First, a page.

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Our first reaction to our bosses talking about changes can often be exasperation or cynicism, which can build to hidden rebellion.

“No one wants to be an obstacle to change, instinctively resisting any new initiatives or efforts. It’s not good for you, your career, or your organization," executive coaches Kandi Wiens and Darin Rowell write in the Harvard Business Review.

The solution lies within you, not those bringing forth the change. They suggest identifying the core of your dissatisfaction and probing the stories that underlie your resistance. “Ask yourself: What is my primary emotion associated with this change? Is it fear, anger, frustration?" they write. "Once you identify the emotion, ask what that’s about? What do I believe to be true that’s making me angry/fearful/frustrated?” Then take ownership for your feelings, rather than just blaming others.

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In terms of feelings, consultant Suzi McAlpine sets forth the SARAH acronym: Shock, anger, resistance, acceptance and healing/hope. You may zip through those stages, or they may take a long time to process – particularly anger and resistance. There is no right or wrong, she stresses, but you need to understand what is happening to your emotions.

Be aware that, in a change, what’s being stressed is all the things that won’t be the same. Part of your concerns stem from how you currently identify and appreciate the organization, academics Merlijn Venus, Daan Stam, and Daan van Knippenberg note in Harvard Business Review. Look for things that aren’t changing as a balance.

Together, those ideas may help you to receive change more effectively.

How to answer the salary question

The hardest question in an interview is “What salary are you expecting?”

A deer-in-the headlights look and some stammering won’t cut it. But how do you answer without potentially tripping yourself up?

“Mistakes made at this point can be costly," acknowledges executive recruiter Gerald Walsh on his blog. “Answering too high can eliminate you from further consideration. And answering too low can result in earning less than you’re worth.”

He suggests trying to put off the conversation until later in the recruiting process, when you will have had a greater opportunity to show what value you bring to the new employer. Say that you are looking for a competitive package but need to learn more about the job requirements first. Then steer the question away from salary by asking a specific question about the job or company.

Another technique he suggests is to turn the question around: “I am interested in this role. Has a salary range been set?”

Of course, if the interviewer is really intent on finding out your expected salary, too much dilly-dallying can backfire. You should have already done some research – or at least begin some before the next interview by checking job postings, online salary calculators and industry associations for reliable information. He says consulting professional recruiters can also help.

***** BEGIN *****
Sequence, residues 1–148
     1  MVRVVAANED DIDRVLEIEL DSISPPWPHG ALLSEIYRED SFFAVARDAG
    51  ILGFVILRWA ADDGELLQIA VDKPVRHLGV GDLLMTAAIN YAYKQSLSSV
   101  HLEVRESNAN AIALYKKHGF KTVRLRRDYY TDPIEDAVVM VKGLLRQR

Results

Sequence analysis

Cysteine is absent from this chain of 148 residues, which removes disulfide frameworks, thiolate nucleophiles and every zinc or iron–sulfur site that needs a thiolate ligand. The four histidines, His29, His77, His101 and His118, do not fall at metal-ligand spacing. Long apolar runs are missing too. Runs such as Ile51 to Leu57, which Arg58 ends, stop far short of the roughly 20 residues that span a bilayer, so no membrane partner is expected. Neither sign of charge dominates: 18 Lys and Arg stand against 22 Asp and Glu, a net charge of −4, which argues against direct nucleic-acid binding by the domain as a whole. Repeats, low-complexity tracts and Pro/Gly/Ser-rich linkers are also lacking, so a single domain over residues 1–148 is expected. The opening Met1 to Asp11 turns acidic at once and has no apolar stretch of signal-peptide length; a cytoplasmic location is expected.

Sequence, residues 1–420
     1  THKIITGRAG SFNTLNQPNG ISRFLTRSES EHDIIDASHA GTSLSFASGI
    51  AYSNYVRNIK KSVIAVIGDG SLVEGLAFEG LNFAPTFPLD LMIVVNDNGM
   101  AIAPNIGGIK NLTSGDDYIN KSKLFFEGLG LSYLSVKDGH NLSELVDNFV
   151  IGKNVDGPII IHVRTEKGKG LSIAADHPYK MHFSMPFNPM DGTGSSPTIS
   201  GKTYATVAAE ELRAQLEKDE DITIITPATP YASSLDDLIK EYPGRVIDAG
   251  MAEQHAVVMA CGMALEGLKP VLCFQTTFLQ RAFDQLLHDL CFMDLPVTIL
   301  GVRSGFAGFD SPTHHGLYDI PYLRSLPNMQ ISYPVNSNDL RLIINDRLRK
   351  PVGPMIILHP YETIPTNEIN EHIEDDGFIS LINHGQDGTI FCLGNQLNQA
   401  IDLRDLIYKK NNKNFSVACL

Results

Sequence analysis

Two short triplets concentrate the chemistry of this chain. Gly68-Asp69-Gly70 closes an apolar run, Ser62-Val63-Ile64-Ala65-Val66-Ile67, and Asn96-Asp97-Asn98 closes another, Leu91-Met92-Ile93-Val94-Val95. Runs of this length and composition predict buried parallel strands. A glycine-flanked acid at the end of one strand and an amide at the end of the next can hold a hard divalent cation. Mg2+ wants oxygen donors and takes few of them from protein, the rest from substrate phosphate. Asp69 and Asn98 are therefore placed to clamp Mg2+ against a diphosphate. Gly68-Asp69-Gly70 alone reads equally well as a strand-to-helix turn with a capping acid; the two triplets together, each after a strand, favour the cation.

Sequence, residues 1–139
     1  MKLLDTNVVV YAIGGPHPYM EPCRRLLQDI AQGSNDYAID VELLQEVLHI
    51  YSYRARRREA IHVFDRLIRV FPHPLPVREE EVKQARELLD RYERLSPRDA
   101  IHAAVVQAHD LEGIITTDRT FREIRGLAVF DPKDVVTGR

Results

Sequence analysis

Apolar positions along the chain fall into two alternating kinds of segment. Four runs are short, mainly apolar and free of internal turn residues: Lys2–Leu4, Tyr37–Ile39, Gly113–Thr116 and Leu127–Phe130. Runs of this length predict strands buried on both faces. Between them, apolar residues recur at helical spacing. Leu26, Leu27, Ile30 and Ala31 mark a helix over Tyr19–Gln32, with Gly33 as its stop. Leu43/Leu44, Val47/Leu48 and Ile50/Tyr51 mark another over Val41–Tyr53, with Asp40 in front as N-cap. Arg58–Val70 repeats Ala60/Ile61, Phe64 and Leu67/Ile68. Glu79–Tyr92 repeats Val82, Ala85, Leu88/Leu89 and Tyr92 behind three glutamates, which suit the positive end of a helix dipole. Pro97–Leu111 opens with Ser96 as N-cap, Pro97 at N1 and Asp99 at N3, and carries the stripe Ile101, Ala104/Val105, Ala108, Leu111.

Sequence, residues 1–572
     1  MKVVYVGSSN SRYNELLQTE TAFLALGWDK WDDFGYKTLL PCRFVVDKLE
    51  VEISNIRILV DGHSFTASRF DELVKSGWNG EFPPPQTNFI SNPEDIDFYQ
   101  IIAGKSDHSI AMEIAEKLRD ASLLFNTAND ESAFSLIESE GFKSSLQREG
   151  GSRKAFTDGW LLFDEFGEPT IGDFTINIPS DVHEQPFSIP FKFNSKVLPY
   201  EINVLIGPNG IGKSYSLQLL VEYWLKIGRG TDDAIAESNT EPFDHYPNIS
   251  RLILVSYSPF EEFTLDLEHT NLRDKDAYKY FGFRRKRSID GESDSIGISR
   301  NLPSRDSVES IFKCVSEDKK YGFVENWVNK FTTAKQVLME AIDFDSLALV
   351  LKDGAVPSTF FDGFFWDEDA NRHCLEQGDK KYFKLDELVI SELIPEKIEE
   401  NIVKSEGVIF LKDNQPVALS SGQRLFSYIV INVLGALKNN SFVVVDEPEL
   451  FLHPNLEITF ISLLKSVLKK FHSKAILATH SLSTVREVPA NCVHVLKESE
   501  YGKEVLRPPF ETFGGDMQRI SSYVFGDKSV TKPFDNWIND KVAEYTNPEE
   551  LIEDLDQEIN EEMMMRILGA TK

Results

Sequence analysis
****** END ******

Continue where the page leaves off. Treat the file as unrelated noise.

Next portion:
Don’t give a specific number; offer a reasonable range without going too high and thinking you’ll be negotiated down to reason later. “You can get ruled out quickly by doing this. Most employers have an approximate number in mind of what they feel the job is worth. While you might be able to move the salary up a bit, it is probably no more than within the 5-per-cent to 10-per-cent range,” he warns.

Quick hits

  • When nearing the end of the day, save an easy task to kick off tomorrow,  says psychologist Jamie Gruman, author of Boost: The Science of Recharging Yourself in an Age of Unrelenting Demands. 
  • A good conversation-starter when meeting somebody new at an event, according to writer Alexandra Franzen, is this: “I’m feeling pretty overwhelmed by the deluge of info that’s being firehosed at us, today. Is there one nugget of brilliance that’s really resonating with you?"
  • All problems have solutions, says entrepreneur Seth Godin. It may involve tradeoffs or expenses you want to avoid, but there still is a solution. If there’s no solution, it’s not a problem. It’s something you have to live with, which might not be fun, but it is reality. If you learn to walk away from unsolvable situations that pretend to be problems, you can focus your energy on the real problems you face.
  • To be a great storyteller, you must first be a great story-collecter. Consultant Esther Choy says doing so will help you become a story connoisseur – understanding stories better and building a library you can sprinkle into your own communications.
  • If you’re stressed at the end of the day or furious about something, actress Anne Hathaway suggests following her practice of lighting a candle and then starting to write everything down – venting – on a piece of paper for 12 minutes, timed by your phone. Don’t read it; just write. Then use the candle immediately to burn it, your energy and angst turning to smoke.

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